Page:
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Customer Reviews

4.7 out of 5 stars73
4.7 out of 5 stars
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on 12 November 2009
Love reading James' books they are so good and this one is no different , warm , humorous and a must for the lover of yorkshire life .....from a man with a passion ..
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on 8 August 2009
Having read all Herriot's books I knew what to expect. A wonderful book based on real vetinery life at that time. I am now in the process of buying the other books available in the series from Amazon.
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on 14 May 2014
Not as pleasing as his earlier books. could have been written by someone else as the style is totally different. The whole thing is peppered with typos as if it has been translated from a foreign language. disappointing.
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on 2 November 2001
Until the disappointing "Every Little Thing" appeared shortly before his death in 1995, this was the last book by Yorkshire vet to hit the bestseller lists, in 1981. With the assurance and style honed over his preceding novels, James Herriot takes us through some of the highlights of his post-war years, reflecting on new treatments and lifestyles gradually entering the hilly countryside of the Dales.It retains the narrative feel and flow of his earlier classic work and consequently provides a satisfying and fitting finale to his literary output. Siegfried and Tristan don't figure as largely as they did in earlier books, here the emphasis is really on the hilarious array of farming characters Herriot encounters, their reaction to and suspicion of new style veterinary treatments a recurring theme. As ever, they are rendered convincingly and with warmth. We also hear of Herriot's young family, his children accompanying him on his cases as soon as they are able to walk, it seems. With some classic anecdotes, a dry and generous humour, I must recommend this book to anyone who has ever found themselves chuckling to a Herriot story. Don't bother with "Every Little Thing" though...it's pretty mawkish and feels forced.
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on 28 May 2012
The humans are as interesting as the animals! Also, the structure of the book was really good: one chapter about what was happening on Mr Herriot's travels abroad and the next on vet experiences at home.I first read this book nearly 20 years ago, then lent it to a close friend and never had it reurned,so I bought a copy for next to nothing on Amazon.What value times over.I will read it again soon or maybe my other Herriot books, the kind of books you wish to not end and which you think about long afterwards...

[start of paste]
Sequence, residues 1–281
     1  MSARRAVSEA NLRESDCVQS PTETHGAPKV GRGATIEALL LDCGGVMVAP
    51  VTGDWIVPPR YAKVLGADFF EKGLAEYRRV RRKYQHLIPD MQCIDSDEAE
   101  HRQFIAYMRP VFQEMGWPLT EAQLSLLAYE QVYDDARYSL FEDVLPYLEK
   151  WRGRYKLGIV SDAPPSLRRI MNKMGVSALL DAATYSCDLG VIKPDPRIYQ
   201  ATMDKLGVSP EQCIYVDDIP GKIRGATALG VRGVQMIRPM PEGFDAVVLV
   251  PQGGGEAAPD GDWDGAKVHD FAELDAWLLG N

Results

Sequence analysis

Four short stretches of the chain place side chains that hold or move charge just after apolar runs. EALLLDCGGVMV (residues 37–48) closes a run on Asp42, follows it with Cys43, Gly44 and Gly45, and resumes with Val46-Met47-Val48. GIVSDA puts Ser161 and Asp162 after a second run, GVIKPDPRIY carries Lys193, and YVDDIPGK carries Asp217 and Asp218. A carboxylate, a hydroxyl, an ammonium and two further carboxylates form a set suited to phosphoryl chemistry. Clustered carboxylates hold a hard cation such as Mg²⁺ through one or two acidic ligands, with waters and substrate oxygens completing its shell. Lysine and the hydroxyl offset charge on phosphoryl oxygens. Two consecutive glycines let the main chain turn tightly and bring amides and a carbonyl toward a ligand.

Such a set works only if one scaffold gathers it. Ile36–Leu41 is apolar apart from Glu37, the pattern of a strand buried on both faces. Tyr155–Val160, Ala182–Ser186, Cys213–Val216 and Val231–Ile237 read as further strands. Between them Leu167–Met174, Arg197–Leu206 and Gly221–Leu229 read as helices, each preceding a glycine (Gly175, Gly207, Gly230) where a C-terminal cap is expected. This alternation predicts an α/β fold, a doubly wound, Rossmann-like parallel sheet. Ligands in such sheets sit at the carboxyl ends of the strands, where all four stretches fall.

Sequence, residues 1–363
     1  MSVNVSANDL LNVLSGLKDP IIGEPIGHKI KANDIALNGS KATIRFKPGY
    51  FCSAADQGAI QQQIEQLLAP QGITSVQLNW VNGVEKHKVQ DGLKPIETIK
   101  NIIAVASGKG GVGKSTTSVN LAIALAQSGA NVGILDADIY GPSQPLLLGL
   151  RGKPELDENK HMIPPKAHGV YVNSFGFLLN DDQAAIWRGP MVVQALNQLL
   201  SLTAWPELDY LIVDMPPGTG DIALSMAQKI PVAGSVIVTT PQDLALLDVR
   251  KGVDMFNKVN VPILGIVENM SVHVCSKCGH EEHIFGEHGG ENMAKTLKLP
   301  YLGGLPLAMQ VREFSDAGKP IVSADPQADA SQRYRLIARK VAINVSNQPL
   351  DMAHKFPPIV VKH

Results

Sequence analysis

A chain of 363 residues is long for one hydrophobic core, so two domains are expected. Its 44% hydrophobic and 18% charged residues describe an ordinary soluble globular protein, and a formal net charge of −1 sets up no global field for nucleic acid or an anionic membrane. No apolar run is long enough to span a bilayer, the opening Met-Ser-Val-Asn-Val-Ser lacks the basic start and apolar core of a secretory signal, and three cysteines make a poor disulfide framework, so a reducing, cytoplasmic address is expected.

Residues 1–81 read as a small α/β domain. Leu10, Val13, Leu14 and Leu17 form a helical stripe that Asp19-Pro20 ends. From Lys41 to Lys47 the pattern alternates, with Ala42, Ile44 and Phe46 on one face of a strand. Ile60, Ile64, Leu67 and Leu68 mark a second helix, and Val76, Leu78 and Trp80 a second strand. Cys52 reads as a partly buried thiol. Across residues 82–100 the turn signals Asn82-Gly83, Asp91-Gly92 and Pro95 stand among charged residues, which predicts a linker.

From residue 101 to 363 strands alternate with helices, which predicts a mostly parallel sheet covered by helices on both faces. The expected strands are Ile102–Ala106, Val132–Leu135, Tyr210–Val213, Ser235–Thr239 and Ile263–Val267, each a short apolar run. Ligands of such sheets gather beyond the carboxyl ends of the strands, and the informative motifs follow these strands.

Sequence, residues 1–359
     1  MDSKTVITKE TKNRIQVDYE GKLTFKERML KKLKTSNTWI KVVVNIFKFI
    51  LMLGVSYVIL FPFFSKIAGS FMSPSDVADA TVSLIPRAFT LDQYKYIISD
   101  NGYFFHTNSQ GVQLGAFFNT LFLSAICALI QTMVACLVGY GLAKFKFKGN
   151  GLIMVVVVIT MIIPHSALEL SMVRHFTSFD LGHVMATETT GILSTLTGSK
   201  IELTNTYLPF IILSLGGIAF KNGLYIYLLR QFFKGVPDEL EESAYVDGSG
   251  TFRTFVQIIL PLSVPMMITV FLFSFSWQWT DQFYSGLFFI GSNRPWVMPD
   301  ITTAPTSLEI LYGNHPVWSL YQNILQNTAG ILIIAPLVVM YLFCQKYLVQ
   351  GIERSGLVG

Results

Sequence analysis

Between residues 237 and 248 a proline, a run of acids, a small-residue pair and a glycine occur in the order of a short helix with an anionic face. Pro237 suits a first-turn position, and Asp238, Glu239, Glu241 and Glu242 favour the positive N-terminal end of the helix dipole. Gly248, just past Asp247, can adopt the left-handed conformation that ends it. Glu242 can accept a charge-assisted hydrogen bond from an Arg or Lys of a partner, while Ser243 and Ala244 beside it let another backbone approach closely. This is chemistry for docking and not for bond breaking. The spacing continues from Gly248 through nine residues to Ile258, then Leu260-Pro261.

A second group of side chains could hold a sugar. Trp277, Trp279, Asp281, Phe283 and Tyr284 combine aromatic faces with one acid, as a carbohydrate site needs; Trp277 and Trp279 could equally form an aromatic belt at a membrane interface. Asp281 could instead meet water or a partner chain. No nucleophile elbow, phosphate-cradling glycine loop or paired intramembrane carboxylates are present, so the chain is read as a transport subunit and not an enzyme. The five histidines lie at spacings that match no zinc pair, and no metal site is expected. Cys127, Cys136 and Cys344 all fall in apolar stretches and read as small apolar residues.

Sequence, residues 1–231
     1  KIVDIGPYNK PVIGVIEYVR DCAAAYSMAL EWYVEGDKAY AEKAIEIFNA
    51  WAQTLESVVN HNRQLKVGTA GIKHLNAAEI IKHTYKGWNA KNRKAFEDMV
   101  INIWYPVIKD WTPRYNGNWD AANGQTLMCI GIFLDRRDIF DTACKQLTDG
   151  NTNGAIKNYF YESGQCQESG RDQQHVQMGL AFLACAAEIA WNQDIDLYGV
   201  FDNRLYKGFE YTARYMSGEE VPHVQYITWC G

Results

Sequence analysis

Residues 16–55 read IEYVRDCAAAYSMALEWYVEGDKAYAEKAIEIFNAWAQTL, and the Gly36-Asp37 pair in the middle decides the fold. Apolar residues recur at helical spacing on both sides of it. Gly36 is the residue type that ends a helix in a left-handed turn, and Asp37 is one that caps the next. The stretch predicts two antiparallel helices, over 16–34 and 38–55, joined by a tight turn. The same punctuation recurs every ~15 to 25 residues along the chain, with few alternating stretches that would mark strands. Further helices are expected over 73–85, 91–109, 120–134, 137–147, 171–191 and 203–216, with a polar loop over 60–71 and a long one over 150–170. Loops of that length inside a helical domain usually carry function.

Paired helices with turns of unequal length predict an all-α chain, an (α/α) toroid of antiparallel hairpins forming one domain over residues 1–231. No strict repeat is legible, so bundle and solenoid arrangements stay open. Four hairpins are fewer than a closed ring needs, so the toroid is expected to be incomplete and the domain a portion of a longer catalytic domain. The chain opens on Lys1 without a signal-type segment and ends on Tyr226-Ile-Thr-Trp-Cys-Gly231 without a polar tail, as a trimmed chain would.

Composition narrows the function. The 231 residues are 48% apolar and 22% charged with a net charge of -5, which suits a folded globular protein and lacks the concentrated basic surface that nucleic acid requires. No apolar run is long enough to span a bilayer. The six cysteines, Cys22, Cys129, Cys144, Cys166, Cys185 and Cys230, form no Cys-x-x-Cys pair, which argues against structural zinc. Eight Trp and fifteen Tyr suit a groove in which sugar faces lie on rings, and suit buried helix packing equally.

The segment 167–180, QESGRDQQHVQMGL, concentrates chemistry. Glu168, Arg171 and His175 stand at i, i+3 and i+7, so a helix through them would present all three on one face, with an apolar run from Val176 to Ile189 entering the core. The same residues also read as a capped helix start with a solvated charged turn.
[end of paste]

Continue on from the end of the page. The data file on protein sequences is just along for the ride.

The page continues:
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on 12 March 2015
I read the James Herriot books many years ago, on seeing the titlex on kindle i started to reread them. They have not lost their savour as funny, easy reads yet which have acute observations of both people and animals. It was like meeting old friends. So good to just slipback to Darrowby and the description of the Yorkshire dales paints such a picture of rural life as it once was.
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on 2 January 2014
Another book by James Herriot that you just want to read over and over again, he explains his wonderful work as a vet,
in such detail, you almost feel as if your there with him. His everlasting love for all the animals in his care, and his love
for all the hard work he tells of in every chapter is a real pleasure to read
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on 30 June 2015
I love everything this man does. It takes you back to a different time. Please don't buy "Now then lad" by some one time copper. It is billed as "in the style of James Herriot". It's not. Herriot has more humility in his little finger than "old big head" (see my other review) has in his entire body.
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on 14 April 2015
I don't know if there is an order of sequence to these books. However, if I have read this out of sequence, I guess I will be reading this again.

Great story line, lovely written and well described. I couldn't help but see the characters from the TV series All Creatures Great and Small.
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on 9 November 1998
Herriot brings his series to a close with more of the same (wonderful) stuff. Included in this volume are accounts of not one but two trips abroad with cargoes of pedigreed livestock. The volume ends with Siegfried's pronouncement, "James, there are great days ahead!"
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